Last month, we star-hopped around the constellation Leo and explored some of the Lions most prominent galaxies. This time, we test our galaxy-hunting skills with a plunge into the heart of the Virgo galaxy cluster, some 55 million light-years away. If you consult a star atlas, you’ll see that this part of the sky contains an insane number of galaxies — hundreds of them! How can we possibly find our way through this galactic clutter?
If you’re a small-scope user, you’ll have an advantage over the folks who ply the skies with cannon-sized Dobs. Small-aperture telescopes will capture only the brightest members of the Virgo cluster, greatly reducing the confusion. To further simplify things, we’ll limit our galaxy cluster excursion to the northern part of Virgo the Maiden and the eight Messier galaxies found here.
Our departure point is the magnitude 4.9 star Rho Vir-ginis. While some opt to launch from Vindemiatrix (Epsilon Virginis) and move westward, I prefer a northerly path from Rho.
A trio of stars surrounding Rho forms a northwest-pointing arrowhead across that makes field orientation and size easy to determine. This is a big plus because I’ll refer to directions and angular distances in degrees during our star-hop.
If you use a refractor or catadioptric scope with a star diagonal, make a reverse tracing of the chart to match the mirror image these instruments produce. As with any star-hop, start with an eyepiece that yields at least a 1” field, preferably 2”.
After centering Rho in the eyepiece field, move about 1W north. You should come across a pair of nebulous spots V20 apart. These are the elliptical galaxies M59 and M60. M59 is the more westerly of the pair — the one that exits first when you keep your scope still and allow them to drift out of the eyepiece field. Trace a line from M60 through M59 and extend it about twice that distance, and you’ll come to the barred spiral M58.
Once you’ve identified the three 9th-to 10th-magnitude galaxies, carefully study each with higher magnification. Which seems brightest? Faintest? What is the shape of each? Can you detect any concentration, or is the light uniformly distributed? When you’ve given M58, M59, and M60 a good look-over, it’s time to move on to the next leg of our journey.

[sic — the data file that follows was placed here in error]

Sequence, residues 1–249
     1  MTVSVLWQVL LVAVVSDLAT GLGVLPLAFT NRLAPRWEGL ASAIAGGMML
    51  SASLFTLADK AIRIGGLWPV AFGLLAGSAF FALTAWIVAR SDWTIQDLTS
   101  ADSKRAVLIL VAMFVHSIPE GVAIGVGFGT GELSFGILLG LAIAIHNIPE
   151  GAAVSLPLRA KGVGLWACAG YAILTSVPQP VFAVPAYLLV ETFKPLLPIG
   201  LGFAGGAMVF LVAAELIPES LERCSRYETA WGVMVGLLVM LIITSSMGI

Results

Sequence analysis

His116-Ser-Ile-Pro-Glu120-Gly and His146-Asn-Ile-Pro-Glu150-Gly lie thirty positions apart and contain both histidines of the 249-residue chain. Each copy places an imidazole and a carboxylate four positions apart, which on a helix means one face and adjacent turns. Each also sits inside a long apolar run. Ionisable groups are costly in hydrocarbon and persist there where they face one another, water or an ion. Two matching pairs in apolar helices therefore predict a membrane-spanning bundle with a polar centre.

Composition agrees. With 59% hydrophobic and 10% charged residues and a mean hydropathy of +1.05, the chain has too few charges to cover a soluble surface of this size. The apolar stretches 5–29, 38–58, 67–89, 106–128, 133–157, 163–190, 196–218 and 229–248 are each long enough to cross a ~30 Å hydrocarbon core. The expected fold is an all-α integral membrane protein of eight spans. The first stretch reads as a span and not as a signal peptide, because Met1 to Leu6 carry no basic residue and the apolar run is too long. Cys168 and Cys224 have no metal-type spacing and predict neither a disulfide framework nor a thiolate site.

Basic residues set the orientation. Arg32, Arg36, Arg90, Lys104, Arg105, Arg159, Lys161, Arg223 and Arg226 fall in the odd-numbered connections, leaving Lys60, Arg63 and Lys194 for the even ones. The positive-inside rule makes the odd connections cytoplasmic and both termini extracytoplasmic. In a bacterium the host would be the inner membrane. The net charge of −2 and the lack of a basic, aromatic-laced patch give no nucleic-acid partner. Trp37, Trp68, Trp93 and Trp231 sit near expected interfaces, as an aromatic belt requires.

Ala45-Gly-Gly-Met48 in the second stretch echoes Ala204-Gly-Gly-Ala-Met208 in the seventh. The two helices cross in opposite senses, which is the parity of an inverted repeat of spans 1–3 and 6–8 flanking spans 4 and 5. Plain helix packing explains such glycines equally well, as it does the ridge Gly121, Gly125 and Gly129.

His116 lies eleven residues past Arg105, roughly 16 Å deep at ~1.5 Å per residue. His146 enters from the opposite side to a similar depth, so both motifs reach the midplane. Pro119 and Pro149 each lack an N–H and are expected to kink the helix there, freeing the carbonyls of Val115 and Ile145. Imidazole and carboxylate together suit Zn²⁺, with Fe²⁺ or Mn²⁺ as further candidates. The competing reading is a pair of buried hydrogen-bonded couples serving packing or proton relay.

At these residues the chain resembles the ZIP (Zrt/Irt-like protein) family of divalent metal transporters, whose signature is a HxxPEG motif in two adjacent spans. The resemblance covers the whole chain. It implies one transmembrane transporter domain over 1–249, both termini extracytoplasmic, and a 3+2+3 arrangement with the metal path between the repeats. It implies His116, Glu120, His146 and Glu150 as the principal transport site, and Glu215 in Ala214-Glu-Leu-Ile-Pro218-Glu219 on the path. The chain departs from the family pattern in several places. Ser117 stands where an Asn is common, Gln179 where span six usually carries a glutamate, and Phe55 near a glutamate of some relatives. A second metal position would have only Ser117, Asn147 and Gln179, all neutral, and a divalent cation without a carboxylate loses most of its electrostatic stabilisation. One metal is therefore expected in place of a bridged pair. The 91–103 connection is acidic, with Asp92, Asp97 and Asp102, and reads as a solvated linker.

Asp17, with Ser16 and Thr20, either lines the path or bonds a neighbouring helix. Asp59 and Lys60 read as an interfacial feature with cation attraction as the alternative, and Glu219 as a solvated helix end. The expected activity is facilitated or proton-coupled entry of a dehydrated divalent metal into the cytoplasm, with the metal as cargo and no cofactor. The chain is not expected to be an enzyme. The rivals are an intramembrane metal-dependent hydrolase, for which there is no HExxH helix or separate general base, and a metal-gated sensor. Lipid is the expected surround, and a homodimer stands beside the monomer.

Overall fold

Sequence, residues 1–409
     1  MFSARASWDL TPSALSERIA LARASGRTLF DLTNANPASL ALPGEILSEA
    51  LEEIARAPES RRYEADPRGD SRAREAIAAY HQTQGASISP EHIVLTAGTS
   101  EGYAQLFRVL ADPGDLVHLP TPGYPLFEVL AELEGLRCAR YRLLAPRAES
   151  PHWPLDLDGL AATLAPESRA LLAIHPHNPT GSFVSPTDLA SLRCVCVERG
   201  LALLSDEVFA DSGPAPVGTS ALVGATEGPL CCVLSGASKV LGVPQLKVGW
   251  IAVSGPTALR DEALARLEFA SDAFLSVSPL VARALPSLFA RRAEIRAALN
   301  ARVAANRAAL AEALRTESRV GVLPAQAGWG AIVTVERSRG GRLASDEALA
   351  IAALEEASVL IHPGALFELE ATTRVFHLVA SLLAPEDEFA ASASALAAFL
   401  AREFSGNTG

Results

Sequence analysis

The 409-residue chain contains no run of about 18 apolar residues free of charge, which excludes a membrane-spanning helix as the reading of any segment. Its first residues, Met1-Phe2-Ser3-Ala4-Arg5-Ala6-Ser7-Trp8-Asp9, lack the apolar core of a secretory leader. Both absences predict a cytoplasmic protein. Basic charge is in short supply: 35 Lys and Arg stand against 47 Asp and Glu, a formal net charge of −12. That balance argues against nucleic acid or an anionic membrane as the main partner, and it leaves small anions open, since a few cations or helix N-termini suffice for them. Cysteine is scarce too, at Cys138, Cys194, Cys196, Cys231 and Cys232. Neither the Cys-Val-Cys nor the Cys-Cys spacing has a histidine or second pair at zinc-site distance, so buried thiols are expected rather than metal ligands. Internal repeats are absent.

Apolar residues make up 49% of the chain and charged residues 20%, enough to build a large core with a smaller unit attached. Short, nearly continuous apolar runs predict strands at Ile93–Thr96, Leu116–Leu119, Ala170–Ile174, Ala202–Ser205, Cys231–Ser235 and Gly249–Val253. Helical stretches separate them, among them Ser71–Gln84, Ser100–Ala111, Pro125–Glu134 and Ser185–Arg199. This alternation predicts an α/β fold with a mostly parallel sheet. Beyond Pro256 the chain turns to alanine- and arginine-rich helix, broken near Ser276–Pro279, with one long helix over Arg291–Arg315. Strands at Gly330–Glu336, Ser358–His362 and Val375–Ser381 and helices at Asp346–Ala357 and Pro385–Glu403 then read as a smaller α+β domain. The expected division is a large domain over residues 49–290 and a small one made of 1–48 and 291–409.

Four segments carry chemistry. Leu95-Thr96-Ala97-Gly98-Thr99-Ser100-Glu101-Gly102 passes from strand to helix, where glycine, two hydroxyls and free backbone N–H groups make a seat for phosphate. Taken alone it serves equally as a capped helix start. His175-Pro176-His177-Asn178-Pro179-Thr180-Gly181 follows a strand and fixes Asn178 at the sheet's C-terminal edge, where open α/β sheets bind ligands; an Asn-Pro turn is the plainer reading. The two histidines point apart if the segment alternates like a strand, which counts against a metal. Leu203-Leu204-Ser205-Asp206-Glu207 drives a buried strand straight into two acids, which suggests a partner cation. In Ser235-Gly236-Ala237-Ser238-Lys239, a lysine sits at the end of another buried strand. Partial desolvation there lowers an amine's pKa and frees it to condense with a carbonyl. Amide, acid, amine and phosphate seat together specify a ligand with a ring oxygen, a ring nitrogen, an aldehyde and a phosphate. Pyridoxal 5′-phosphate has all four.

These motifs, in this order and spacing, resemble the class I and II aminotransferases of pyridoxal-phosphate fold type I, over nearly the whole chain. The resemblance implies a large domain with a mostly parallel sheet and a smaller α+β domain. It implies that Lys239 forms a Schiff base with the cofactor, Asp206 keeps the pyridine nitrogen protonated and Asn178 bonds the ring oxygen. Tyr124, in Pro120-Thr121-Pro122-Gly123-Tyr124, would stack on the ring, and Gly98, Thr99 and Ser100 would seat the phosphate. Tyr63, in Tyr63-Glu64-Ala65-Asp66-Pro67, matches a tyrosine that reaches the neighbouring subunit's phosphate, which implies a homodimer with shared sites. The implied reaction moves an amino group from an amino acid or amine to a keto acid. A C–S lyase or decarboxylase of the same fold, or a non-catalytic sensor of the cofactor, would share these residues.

By following a trail of stars less than a degree northwest of M58, you’ll arrive at the 10th-magnitude elliptical galaxy M89. An almost equal push north and slightly east of M89 brings you to the spiral M90 — also around 10th magnitude. Return to M89 and move a little more than a degree westward. What looks like a defocused 9th-magnitude star is the giant elliptical galaxy M87.
While unimpressive to the eye, M87 is a true monster. The dominant member of the Virgo cluster, it contains the mass of 2 to 3 trillion Suns. In the heart of the beast is a 6- to 7-billion-solar-mass black hole that belches a plasma jet thousands of light-years into space. M87 is anything but unimpressive!
The final leg of our journey takes us on a IW hop (more of a jump) to our last two Messier galaxies. From M87, move west and slightly north until you encounter two smudges separated by 1.5”. These are the 9th-magnitude elliptical galaxies M84 and M86. They are the brightest members of a remarkable 1,5”-long arc of galaxies known as Markarians Chain, named after the Armenian astrophysicist Benjamin Markarian, who discovered their common motion in the early 1960s. Most of the remaining galaxies in the chain are too faint for small-aperture scopes under typical suburban skies. Ask your friend with the cannon-sized Dob to show you the others.
While alternating glances between eyepiece and chart, you may get lost. Don’t despair. Just return to Rho and begin anew. Each successive journey will proceed more smoothly as you gain familiarity with the path.
The Virgo galaxy cluster is one of two sky regions I find most challenging to navigate — the other being the tangle of star clusters and nebulae in the Scutum/Sagittarius portion of the Milky Way. We’ll tackle this maze of deep-sky treasures in September when it lies above the southern horizon after sunset.